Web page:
Looking forward to more Final Frontier Laws …

to be continued.

16/7/2020

Gender running Amok? Thoughts on classic Star Trek episode ‘Amok Time’ (1967)

This episode (the first episode of the second series) has several iconic aspects – first appearance of Chekov, first time out for the Vulcan salute and only trip to Vulcan in original Star Trek – but on rewatching it during my lockdown completist marathon, I was struck by two things. The first was the Legal-Historian-pleasing ‘trial by battle’ between Spock and Kirk with lirpa – weapons looking not a million miles away from medieval judicial duel weapons. Another time. It’s the second I went away thinking about, and will muse upon here – the portrayal of women. Not strictly Legal History, I suppose, but then again, both LH and Sci-Fi are about messing about with time, imagining other eras; and there are certainly some resonances with ideas about women in history, so I think I’m allowed.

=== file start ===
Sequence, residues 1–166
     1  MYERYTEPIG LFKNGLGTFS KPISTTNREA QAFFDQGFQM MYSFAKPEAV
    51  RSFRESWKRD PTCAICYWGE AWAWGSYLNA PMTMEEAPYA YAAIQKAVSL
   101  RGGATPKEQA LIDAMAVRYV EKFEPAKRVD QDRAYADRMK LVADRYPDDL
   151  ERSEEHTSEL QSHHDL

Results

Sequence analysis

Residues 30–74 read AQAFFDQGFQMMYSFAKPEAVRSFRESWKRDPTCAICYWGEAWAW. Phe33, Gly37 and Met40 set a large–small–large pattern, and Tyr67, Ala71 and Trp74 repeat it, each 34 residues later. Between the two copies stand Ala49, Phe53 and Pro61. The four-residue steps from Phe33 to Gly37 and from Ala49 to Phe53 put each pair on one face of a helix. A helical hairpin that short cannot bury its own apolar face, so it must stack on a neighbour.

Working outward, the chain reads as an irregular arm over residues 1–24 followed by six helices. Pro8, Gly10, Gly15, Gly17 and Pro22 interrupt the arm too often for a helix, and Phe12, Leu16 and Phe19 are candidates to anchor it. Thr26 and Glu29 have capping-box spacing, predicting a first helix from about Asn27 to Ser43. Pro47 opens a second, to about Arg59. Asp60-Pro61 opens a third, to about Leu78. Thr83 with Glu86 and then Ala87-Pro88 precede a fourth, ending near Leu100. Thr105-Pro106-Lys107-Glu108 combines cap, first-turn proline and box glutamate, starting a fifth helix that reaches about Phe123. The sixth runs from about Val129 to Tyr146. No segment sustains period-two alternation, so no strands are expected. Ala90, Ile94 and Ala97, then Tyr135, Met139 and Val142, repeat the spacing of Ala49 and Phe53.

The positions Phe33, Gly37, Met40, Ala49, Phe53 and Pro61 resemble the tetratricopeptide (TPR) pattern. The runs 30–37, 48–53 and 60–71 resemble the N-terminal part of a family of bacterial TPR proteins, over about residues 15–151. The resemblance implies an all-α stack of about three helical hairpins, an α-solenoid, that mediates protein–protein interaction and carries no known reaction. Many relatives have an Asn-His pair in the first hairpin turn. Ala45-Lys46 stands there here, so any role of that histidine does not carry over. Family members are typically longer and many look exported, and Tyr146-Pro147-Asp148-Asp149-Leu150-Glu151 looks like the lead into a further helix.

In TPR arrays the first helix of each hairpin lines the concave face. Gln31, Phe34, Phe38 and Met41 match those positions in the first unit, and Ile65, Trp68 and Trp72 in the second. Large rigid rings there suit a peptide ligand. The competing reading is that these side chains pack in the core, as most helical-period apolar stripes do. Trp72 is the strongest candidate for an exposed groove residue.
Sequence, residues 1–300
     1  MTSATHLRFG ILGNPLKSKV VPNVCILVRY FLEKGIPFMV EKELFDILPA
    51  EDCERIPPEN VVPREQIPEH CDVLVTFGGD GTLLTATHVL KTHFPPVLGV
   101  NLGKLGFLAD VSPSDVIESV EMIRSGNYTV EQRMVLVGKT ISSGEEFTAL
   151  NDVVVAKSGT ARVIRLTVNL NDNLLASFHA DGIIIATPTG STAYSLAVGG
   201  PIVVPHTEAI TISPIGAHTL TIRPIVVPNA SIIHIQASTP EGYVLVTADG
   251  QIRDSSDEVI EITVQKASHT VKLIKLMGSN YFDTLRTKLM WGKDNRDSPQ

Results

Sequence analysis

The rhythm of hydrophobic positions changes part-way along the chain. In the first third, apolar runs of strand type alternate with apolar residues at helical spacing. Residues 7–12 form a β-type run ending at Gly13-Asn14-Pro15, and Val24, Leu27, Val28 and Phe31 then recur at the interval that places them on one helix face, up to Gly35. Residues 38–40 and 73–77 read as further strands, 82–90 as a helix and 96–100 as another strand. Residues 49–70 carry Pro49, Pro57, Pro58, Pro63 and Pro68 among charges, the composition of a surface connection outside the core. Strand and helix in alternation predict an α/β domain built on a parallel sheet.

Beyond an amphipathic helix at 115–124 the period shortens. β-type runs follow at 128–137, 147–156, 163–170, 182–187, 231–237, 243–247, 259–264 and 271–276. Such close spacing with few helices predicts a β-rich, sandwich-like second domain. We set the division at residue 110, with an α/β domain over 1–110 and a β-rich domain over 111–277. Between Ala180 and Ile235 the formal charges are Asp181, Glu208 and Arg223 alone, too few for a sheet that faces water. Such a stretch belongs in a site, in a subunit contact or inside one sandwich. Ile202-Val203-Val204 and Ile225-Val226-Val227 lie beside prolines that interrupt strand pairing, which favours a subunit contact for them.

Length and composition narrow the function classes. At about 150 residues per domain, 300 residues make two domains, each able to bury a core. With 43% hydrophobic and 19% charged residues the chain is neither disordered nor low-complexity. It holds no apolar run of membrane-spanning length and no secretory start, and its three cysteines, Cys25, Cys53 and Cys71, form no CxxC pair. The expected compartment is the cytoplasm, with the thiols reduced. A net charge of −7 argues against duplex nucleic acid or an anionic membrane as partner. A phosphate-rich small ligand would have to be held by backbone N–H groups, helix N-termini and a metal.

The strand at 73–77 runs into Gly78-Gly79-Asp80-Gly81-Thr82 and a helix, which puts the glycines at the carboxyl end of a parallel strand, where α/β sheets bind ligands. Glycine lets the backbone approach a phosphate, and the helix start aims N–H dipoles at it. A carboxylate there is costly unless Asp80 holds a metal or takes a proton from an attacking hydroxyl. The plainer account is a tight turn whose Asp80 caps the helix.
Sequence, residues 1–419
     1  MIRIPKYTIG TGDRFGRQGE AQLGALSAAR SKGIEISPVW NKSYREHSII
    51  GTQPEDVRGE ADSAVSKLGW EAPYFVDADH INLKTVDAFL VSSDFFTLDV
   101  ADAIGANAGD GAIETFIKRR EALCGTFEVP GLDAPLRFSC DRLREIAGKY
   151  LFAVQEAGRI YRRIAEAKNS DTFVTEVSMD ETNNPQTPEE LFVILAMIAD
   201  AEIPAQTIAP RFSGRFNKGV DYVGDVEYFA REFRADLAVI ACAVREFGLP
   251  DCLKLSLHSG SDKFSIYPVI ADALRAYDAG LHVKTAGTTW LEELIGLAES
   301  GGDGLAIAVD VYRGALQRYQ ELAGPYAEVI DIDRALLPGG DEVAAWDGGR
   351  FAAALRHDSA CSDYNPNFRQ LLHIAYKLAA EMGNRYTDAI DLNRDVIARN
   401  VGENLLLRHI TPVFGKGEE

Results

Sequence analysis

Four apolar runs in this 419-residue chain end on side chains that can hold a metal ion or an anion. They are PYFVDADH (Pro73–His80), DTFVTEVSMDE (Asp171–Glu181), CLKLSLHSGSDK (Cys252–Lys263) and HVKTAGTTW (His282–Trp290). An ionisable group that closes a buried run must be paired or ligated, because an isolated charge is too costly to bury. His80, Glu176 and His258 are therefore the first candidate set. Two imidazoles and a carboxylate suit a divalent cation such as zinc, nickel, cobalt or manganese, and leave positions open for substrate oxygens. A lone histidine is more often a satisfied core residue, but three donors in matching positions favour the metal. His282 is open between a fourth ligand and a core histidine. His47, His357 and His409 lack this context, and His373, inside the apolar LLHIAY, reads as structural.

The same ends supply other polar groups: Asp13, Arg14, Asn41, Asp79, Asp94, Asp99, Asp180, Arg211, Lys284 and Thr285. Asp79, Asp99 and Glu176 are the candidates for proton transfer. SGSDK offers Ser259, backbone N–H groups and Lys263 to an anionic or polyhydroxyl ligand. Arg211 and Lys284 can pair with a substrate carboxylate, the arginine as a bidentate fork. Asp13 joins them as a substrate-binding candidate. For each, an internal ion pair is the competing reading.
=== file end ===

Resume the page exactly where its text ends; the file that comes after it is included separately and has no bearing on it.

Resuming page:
The fabulous Lt Uhura on the bridge is not given much attention here – she is just doing her job. The three who are prominent are Nurse Christine Chapel, on the Enterprise, and, on Vulcan, T’Pau and T’Pring. These three all interact with Spock, who is in the grip of the pon farr mating urge, and, to cut a long story short, has to go to Vulcan to consummate his union with T’Pring, or, it is feared, he will die.

Chapel is the least inspiring of the trio. She is revealed to be hopelessly keen on Spock, fussing about after him and bringing him Vulcan soup. Very nurturing. Doesn’t go down well, though, Spock is quite nasty to her.

The best action is on Vulcan, where we have the powerful T’Pau – a diplomat, judge, and more, who presides over what was supposed to be a marriage and turned into a ritual battle – and the fascinating T’Pring. As Lt Uhura exclaims, she is beautiful.